'Holey scaffolds' under development for in-situ imaging, drug delivery
An ECE/School of Biomedical Engineering Sciences (SBES) team is building a first-of-its-kind engineered platform to perform real-time imaging of tissue regeneration at the cellular and molecular levels. Called “holey scaffolds,” the environments are based on a novel combination of fiber optics and tissue regeneration technology.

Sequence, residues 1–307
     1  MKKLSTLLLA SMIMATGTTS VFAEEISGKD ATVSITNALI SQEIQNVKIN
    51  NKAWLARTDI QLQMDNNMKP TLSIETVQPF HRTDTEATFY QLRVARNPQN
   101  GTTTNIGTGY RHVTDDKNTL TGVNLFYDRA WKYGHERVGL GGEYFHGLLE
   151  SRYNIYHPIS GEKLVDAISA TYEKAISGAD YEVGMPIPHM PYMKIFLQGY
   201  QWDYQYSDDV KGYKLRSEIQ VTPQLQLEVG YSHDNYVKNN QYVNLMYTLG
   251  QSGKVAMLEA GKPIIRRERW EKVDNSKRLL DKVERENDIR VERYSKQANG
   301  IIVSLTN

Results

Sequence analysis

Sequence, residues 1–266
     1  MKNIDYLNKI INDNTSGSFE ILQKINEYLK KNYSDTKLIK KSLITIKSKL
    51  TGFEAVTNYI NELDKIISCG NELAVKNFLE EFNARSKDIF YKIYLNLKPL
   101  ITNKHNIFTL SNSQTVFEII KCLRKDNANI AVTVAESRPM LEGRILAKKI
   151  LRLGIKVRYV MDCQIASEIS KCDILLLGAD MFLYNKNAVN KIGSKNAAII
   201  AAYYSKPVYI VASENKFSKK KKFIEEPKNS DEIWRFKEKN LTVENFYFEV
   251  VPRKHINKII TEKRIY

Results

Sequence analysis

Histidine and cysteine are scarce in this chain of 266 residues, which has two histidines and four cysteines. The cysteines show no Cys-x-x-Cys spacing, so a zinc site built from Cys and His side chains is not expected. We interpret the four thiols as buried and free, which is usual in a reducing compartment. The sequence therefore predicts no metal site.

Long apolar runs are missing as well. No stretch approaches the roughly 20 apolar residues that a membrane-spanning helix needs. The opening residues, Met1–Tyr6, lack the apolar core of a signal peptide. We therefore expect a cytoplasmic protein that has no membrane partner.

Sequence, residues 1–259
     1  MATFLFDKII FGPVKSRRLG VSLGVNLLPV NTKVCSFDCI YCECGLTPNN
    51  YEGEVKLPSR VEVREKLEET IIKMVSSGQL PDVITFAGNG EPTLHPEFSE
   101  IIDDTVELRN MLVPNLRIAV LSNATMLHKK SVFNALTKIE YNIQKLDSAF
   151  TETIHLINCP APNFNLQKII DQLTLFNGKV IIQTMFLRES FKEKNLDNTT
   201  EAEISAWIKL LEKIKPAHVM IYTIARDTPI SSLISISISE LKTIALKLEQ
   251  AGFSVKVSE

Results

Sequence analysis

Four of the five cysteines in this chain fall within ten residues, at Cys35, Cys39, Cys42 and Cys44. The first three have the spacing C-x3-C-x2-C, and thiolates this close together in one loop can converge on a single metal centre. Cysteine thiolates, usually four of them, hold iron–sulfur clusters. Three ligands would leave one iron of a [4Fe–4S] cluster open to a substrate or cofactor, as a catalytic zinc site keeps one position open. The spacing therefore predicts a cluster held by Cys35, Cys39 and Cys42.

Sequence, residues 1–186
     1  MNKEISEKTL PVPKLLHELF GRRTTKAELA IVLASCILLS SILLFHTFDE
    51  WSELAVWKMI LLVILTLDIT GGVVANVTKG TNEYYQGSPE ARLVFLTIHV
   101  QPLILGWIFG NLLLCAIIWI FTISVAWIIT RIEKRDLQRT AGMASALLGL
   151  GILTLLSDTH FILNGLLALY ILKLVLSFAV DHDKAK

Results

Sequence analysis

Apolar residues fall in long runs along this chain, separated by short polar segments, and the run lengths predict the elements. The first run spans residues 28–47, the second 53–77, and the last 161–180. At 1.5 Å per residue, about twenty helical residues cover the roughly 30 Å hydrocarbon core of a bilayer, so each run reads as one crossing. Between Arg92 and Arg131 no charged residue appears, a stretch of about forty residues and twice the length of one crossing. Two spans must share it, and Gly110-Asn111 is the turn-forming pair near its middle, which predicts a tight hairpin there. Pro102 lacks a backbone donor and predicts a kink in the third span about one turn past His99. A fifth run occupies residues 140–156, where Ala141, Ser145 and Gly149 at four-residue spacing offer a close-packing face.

“Despite their complex 3-D structures, tissues and organs are primarily studied using highly invasive 2-D in vitro techniques, such as biopsy and histology that can only provide limited information at a few discrete time points,” says ECE’s Yong Xu, who is principal investigator on the effort. In contrast, the holey scaffold technology will provide real-time, 3-D information on the complex biological processes involved in regenerative medicine. Holey scaffolds will initially be tested for bone-regeneration, but have wide-ranging potential in the medical field. The project is funded by Virginia Tech’s Institute for Critical Technologies and Applied Science (ICTAS). SBES faculty members on the team include Ge Wang, Joseph Freeman, Nichole Rylander, and Chris Rylander.